BudgiT is a startup that was incubated by the social innovation tech hub CChub in Lagos. They were strategically placed enough to get funding from foreign aid foundations. These helped to instigate their initial process and also strengthen their resolve to do good work.

Although budget says they have reached over 75,000 Nigerians both offline and online, In a country of over 180 million people, that number is quite negligent in the grand scheme of things. This is mostly because the use of tech to showcase the budget is still too far-fetched from Nigerians leaving in rural areas. Also, there are over 200 languages in this country and although English is the official language spoken in Nigeria, A lot of people are still not able to speak the language. All these could be restrictions that they face which limits their reach and invariably impact scale.

However, we can’t deny that BugdIT‘s purpose of enhancing accountability at all levels of government is a necessary social innovation in a country like Nigeria. A nation in which corruption is deeply rooted in its fabric and from where stems all her social problems

Case study 2- connected development (code)

Connected Development is a social Innovation that has been set up to create a movement of accountability within the nation. Although quite similar to BudgIT, in terms of the primary purpose of setup, their method is quite different.

Founded in 2012, Connected Development [CODE] is a non-government organization [NGO] whose mission is to empower marginalized communities in Africa. They strengthen local communities by creating platforms for dialogue, enabling informed debate, and building capacities of citizens on how to hold their government accountable through a program created called ‘Follow the Money’

CODE provides marginalized and vulnerable communities with resources to amplify their voices with independence and integrity while providing the communities with information that ushers social and economic progress. To enhance effective democratic governance and accountability, CODE creates platforms [mobile and web technologies] that close the feedback loop between citizens and the government. With global expertise and reach, they focus on community outreach, influencing policies, practices, and knowledge mobilization.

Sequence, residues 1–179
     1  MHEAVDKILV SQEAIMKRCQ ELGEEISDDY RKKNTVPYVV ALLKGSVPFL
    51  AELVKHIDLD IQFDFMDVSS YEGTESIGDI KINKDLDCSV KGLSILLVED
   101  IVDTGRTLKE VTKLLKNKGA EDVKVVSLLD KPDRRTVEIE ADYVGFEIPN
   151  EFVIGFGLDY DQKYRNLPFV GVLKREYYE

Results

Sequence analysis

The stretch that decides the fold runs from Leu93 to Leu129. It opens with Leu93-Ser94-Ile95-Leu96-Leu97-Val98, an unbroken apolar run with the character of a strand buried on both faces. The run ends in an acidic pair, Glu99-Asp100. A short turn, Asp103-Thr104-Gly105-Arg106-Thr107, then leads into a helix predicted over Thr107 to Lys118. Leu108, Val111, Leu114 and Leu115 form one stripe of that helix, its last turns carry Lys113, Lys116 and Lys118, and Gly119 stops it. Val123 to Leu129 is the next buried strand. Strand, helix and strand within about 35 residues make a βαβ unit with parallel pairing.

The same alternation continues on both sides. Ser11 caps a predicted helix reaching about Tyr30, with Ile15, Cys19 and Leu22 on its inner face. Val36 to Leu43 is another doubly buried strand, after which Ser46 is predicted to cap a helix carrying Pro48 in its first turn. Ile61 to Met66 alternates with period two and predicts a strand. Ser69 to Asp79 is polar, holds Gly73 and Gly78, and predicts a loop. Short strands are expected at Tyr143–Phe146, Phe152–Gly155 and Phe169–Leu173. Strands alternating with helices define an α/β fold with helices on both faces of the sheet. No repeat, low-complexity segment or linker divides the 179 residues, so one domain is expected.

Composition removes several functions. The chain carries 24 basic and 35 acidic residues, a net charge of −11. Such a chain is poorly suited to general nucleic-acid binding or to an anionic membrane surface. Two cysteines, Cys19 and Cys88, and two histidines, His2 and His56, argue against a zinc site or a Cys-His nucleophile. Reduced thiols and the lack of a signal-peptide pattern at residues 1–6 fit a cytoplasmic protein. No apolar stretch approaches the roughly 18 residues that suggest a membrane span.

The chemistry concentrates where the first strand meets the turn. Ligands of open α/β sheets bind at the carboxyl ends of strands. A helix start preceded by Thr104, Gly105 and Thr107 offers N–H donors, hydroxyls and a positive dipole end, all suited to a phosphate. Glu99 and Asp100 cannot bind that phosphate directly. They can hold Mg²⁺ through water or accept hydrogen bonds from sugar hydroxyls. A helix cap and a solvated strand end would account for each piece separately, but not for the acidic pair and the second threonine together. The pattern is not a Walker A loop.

CODE’s committed to participatory capacity & community building and monitoring and evaluation which creates effective and sustainable programs even within the most challenging environments.

The more hands-on approach that CODE has taken in ensuring its accountability is very commendable. This is because they can boast to reach a further range of people and the communities in which they help are more aware of their work and can feel the direct effect.

Although CODE was not incubated as such, they have learned so far from the Job. By constant participation in the work and interfacing with the people, they have been mostly involved with grass root mobilization to ensure a more transparent government. Still, the impact scale of CODE as of 2017 was 523,000 people across 31 rural communities in Plateau, Kebbi, Benue, Kwara, Adamawa, Kaduna, Delta, IMO, Edo, Abia, Akwa, Ibom, Gombe, Sokoto, Yobe, Cross River, Ondo, and Kano. Although these numbers are good, in some parts of Nigeria they still remain obscure and the value of their work is unknown.

A lot of their financial support comes from a grant from foreign aid foundations like Omydya network and ford foundation without which their work will be difficult to execute and implement, Nigerian investors and foundations are not yet buying into the value of their work. This on its own is a severe cause of concern.

Case study 3 – recyclers